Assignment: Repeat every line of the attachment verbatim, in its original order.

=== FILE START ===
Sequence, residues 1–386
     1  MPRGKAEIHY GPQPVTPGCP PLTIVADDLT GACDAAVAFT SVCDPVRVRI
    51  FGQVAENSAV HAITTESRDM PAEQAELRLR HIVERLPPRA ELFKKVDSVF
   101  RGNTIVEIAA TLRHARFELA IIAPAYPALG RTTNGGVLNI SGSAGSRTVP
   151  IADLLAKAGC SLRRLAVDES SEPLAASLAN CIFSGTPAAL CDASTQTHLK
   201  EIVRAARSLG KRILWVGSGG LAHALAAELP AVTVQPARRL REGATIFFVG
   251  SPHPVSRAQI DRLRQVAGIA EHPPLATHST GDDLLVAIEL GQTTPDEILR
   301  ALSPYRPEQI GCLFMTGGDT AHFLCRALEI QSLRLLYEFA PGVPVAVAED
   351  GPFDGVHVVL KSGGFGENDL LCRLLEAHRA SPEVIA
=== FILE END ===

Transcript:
Sequence, residues 1–386
     1  MPRGKAEIHY GPQPVTPGCP PLTIVADDLT GACDAAVAFT SVCDPVRVRI
    51  FGQVAENSAV HAITTESRDM PAEQAELRLR HIVERLPPRA ELFKKVDSVF
   101  RGNTIVEIAA TLRHARFELA IIAPAYPALG RTTNGGVLNI SGSAGSRTVP
   151  IADLLAKAGC SLRRLAVDES SEPLAASLAN CIFSGTPAAL CDASTQTHLK
   201  EIVRAARSLG KRILWVGSGG LAHALAAELP AVTVQPARRL REGATIFFVG
   251  SPHPVSRAQI DRLRQVAGIA EHPPLATHST GDDLLVAIEL GQTTPDEILR
   301  ALSPYRPEQI GCLFMTGGDT AHFLCRALEI QSLRLLYEFA PGVPVAVAED
   351  GPFDGVHVVL KSGGFGENDL LCRLLEAHRA SPEVIA